EBRI Issue Brief
Health Care Consolidation and the Changing Health Care Marketplace: A Review of the Literature and Issues
- This Issue Brief examines
the academic literature and issues in consolidation of the
hospital sector in the context of responses to changes in the
competitive environment. It analyzes the motivations for
consolidation as well as its effects.
- Hospital merger activity has
increased dramatically in recent years. The current wave of
mergers is primarily a reaction to a competitive environment that
is placing a greater emphasis on controlling costs and forcing
high-cost providers out of the market. The growth of managed care
has placed considerable pressure on providers of health care and,
in particular, on hospitals.
- The evolution of insurance
companies' behavior helps explain the recent hospital
consolidation movement. As managed care has become the dominant
type of coverage in the last decade, insurance companies have
become more active in trying to control costs—a reversion to
their previous practices before the advent of managed care.
Insurance companies have placed cost constraints on providers,
both in the early years of health insurance and currently, when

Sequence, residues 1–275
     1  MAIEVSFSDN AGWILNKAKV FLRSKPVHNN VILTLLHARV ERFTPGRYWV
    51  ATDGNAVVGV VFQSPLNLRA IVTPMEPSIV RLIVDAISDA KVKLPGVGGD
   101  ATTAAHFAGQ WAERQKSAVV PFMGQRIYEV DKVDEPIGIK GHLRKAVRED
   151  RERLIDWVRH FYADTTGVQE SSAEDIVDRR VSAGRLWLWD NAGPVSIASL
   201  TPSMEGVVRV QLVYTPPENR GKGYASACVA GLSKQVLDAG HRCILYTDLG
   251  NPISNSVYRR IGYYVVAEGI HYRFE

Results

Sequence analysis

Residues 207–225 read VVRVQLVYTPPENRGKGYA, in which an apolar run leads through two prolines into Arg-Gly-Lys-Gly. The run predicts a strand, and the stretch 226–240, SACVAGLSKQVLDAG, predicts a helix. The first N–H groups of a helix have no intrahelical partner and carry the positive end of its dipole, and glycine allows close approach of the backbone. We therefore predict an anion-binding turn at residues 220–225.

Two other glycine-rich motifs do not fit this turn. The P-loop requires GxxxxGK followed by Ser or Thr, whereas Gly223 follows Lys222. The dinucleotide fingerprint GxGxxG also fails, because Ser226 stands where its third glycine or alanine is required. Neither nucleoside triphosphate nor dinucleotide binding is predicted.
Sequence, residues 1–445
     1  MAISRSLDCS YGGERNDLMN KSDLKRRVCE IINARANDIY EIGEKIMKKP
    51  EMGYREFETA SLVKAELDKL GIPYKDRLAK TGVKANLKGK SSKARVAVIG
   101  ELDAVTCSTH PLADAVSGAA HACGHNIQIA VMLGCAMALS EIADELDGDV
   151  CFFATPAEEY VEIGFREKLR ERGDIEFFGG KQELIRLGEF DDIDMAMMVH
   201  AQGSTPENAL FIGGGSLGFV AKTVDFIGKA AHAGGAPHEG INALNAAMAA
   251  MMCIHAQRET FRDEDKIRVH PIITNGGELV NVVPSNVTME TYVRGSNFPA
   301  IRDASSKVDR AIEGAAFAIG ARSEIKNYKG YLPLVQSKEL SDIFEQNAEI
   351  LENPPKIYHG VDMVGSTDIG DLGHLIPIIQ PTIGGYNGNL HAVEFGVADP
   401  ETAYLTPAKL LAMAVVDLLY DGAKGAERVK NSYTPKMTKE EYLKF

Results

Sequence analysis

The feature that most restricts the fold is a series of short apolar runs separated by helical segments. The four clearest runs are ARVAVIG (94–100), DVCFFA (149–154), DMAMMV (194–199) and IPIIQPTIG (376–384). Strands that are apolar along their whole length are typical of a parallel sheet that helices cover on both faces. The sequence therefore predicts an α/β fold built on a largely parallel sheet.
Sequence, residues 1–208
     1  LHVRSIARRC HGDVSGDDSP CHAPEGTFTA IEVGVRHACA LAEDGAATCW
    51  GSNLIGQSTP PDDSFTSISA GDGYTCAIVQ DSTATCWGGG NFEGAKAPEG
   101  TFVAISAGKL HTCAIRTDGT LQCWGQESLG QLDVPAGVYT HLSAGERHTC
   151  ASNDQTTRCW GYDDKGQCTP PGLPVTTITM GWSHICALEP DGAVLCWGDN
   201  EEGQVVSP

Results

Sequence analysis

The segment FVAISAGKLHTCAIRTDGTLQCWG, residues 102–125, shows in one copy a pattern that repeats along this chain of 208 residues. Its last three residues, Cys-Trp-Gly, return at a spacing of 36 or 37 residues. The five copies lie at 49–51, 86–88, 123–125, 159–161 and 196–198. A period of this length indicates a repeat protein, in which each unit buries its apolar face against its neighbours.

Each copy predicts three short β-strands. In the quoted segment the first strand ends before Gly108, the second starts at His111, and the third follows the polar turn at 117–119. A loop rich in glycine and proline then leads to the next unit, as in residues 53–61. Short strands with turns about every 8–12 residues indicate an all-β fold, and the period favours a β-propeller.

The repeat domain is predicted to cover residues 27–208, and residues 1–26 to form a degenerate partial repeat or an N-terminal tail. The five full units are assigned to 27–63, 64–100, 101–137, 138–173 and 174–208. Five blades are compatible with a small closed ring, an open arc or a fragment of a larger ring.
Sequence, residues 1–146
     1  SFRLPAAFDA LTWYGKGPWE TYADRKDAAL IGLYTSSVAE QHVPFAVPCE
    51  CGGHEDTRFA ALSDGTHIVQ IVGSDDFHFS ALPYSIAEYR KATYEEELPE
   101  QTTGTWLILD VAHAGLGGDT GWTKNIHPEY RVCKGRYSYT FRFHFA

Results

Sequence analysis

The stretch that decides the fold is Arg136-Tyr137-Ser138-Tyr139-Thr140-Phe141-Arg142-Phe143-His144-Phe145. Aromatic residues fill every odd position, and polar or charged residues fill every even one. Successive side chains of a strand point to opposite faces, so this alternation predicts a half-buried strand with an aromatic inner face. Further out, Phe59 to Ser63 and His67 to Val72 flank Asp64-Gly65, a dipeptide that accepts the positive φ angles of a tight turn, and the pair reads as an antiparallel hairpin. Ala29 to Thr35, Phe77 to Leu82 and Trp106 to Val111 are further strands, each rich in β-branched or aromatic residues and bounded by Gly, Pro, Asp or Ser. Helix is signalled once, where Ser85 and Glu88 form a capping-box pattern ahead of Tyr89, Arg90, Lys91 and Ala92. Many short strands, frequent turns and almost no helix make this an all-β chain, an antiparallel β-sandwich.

there are strong competitive forces.
- Hospitals claim that their
primary merger motives are improving efficiency and the quality
of care. The empirical evidence on this claim is mixed.
- Vertical integration (between
suppliers and buyers of health care services, such as between
hospitals and physicians) has appealed to hospitals because of
their need to obtain more patients. More research is needed to
explore the effects of vertical integration in the health care
- In one of the more significant
recent legal rulings, the U.S. Justice Department lost a 1997
case challenging the merger of two hospitals in the New York City
metropolitan area. This, along with other recent losses by the
antitrust authorities, does not bode well for the government's
ability to prevent hospital mergers in metropolitan areas. It is
difficult to generalize on an appropriate antitrust policy for
- Hospital consolidation is likely
to continue at a rapid pace. Since some developments may reduce
the cost of employee benefits while others may increase the cost
of these benefits, the final effect on the provision of health
care benefits by employers is uncertain.
- Employers must pay close attention to the hospital
consolidation movement because it will lead to important changes
in the provision of health care benefits.